- Provider Members include assisted living communities (Adult Care Homes, 7 or more beds), where frail elder residents receive help with their activities of daily living. This category includes continuing care retirement communities (CCRC) and other providers with licensed assisted living beds. Providers can apply for membership using the Provider Membership Application (paper form), or online here. (Not included in this category are Multi-unit Assisted Housing with Services [MAHS] and Independent Living [IL] communities [see below].)
- Family Care Home Provider Members include assisted living communities with 2–6 licensed beds, where frail elder residents receive help with their activities of daily living. Family Care Homes can apply for membership using the FCH Provider Membership Application (paper form), or online here.
- MAHS/IL Members include congregate housing serving the 55-plus population and any other provider whose building does not fit into another license category. MAHS/IL providers can apply for membership using the MAHS/IL Membership Application (paper form), or online here.
- Partner Members include companies that provide appropriate services and/or supplies to the assisted living industry. Partner Members may request a free booth at the NCALA Fall Conference & Trade Show. Limited number of booths available, first-come/first-served; available to members only. Partners can apply for membership using the Partner Membership Application (paper form), or online here.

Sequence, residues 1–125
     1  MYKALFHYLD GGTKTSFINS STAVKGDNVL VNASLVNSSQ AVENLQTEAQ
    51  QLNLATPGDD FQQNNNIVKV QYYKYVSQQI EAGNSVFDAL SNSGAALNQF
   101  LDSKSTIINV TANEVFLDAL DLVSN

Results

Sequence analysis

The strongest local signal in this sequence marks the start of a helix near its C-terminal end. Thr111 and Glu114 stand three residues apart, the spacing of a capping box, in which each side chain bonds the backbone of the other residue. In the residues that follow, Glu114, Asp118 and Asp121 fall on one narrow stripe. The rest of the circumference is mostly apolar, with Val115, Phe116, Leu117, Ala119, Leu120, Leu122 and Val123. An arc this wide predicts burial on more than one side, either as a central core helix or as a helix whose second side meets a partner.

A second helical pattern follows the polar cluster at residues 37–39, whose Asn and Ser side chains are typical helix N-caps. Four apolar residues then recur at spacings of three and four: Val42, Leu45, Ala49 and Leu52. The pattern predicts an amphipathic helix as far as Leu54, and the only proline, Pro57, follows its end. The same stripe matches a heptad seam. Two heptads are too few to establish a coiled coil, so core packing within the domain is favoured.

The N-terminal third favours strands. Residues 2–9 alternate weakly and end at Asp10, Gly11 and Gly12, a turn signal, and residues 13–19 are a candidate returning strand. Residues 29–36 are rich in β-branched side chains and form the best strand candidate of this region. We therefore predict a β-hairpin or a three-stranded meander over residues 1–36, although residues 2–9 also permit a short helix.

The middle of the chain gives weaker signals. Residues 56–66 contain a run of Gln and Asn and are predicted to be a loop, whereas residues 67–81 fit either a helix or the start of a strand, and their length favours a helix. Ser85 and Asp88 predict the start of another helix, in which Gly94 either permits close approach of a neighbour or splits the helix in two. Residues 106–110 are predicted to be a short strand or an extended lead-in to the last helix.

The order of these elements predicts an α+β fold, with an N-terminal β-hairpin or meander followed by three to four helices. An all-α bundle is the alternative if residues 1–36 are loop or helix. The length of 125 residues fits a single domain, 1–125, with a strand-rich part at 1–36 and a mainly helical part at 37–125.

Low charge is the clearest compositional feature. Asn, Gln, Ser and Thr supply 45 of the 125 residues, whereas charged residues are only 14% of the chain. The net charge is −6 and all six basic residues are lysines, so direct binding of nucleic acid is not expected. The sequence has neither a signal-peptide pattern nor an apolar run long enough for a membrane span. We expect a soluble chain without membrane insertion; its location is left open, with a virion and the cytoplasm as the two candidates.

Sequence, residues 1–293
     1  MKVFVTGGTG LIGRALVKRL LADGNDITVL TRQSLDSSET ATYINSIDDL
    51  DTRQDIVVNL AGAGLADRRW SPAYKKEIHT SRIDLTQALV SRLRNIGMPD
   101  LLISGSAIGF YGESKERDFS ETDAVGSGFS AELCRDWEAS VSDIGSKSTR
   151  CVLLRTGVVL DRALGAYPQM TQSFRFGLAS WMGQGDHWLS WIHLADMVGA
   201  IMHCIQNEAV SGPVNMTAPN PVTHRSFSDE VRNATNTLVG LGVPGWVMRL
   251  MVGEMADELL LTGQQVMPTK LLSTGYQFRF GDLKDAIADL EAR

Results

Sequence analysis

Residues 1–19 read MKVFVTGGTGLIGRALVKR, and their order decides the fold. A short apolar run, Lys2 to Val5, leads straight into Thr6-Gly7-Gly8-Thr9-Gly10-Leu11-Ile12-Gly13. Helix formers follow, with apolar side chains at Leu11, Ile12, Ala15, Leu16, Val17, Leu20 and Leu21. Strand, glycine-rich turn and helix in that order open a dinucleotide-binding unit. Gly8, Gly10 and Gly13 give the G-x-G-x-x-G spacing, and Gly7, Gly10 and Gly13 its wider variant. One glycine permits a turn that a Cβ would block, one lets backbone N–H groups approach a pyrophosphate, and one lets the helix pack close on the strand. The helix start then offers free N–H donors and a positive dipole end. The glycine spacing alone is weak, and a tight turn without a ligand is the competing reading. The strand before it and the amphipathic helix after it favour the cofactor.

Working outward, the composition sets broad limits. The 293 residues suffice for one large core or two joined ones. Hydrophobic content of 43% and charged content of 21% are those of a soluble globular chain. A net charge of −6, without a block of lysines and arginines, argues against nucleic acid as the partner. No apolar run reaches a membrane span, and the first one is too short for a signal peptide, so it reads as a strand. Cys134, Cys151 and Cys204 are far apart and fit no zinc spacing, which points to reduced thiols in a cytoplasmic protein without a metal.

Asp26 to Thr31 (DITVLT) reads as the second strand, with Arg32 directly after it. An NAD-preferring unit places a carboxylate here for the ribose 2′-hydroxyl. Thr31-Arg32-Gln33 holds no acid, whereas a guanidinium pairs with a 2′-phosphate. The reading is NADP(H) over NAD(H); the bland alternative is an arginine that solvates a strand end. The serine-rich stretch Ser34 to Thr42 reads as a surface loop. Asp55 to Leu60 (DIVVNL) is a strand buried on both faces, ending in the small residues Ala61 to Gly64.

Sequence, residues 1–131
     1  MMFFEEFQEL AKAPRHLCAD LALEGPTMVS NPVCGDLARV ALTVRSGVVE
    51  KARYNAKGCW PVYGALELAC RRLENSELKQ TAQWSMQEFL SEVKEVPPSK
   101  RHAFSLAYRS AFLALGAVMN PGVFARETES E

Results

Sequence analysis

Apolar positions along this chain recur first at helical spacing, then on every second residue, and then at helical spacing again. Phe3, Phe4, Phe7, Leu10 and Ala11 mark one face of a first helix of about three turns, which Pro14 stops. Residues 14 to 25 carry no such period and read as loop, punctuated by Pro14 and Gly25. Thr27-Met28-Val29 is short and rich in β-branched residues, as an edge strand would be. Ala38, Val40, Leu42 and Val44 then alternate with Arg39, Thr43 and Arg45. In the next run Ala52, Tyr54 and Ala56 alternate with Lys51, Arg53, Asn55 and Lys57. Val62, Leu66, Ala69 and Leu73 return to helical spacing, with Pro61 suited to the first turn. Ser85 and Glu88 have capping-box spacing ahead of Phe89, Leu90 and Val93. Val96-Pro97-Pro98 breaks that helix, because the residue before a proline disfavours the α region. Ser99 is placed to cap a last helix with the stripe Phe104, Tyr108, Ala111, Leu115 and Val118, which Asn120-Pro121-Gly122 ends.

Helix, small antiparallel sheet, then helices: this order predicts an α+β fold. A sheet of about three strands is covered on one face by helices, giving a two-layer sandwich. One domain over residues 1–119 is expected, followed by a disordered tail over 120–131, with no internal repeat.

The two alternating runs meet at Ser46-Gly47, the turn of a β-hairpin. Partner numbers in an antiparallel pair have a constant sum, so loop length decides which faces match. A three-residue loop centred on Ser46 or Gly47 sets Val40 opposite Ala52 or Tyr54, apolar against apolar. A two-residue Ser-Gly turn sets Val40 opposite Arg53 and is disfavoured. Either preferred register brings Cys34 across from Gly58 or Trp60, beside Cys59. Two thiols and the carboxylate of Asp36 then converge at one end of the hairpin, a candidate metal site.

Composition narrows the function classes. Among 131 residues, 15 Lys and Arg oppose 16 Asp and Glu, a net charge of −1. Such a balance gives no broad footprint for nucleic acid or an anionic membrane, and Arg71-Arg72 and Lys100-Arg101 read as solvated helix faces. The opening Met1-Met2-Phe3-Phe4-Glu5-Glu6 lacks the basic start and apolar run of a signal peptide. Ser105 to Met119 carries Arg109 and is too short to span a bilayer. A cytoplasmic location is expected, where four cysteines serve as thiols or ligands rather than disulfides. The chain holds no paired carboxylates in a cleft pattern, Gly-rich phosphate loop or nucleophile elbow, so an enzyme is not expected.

Please either use the links (above) to join online; or, if you prefer the paper form, complete the appropriate form (linked above) and fax your completed form to NCALA at: (919) 467-5132.
Must the names of staff on duty be posted in the facility?
No. GS 131D-4.3(a)(5) requires homes to post information on required staffing that indicates the number, not names, of direct care staff and supervisors that must be on each shift.
What are the staff requirements for employees from staffing agencies?
Employees from staffing agencies must meet the appropriate qualifications in the rules for the position they are filling. The facility must have the appropriate documentation of staff qualifications (usually obtained from the employment agency) on file in the facility.
Who is subject to being reported to the Health Care Personnel Registry?
Under General Statute 131E-256 Health Care Personnel Registry, the facility is obligated to report to the Health Care Personnel Registry allegations that appear to be related to the neglect or abuse of a resident, misappropriation of property, diversion of drugs, and fraud by healthcare personnel. Healthcare personnel in adult care homes are defined in this statute as “adult care personal care aide who is any person who either performs or directly supervises others who perform task functions in activities of daily living which are personal functions essential for the health and well being of residents …” Since the definition says “any person,” the person does not have to be an employee or payroll staff of the facility for the facility to report an allegation. Even if the person is employed from a staffing agency by a family member of the resident and this person is performing tasks as stated in the law, the facility is responsible for reporting any allegations specified in the law against this individual. The facility is responsible for the safety and protection of residents under its care and, therefore, is responsible for reporting according to the requirements of the law, regardless of the employment status of the individual authorized to provide or supervise personal care tasks.
Can respite care in adult care homes be used for day or partial-day stays in the facility, as well as overnight stays?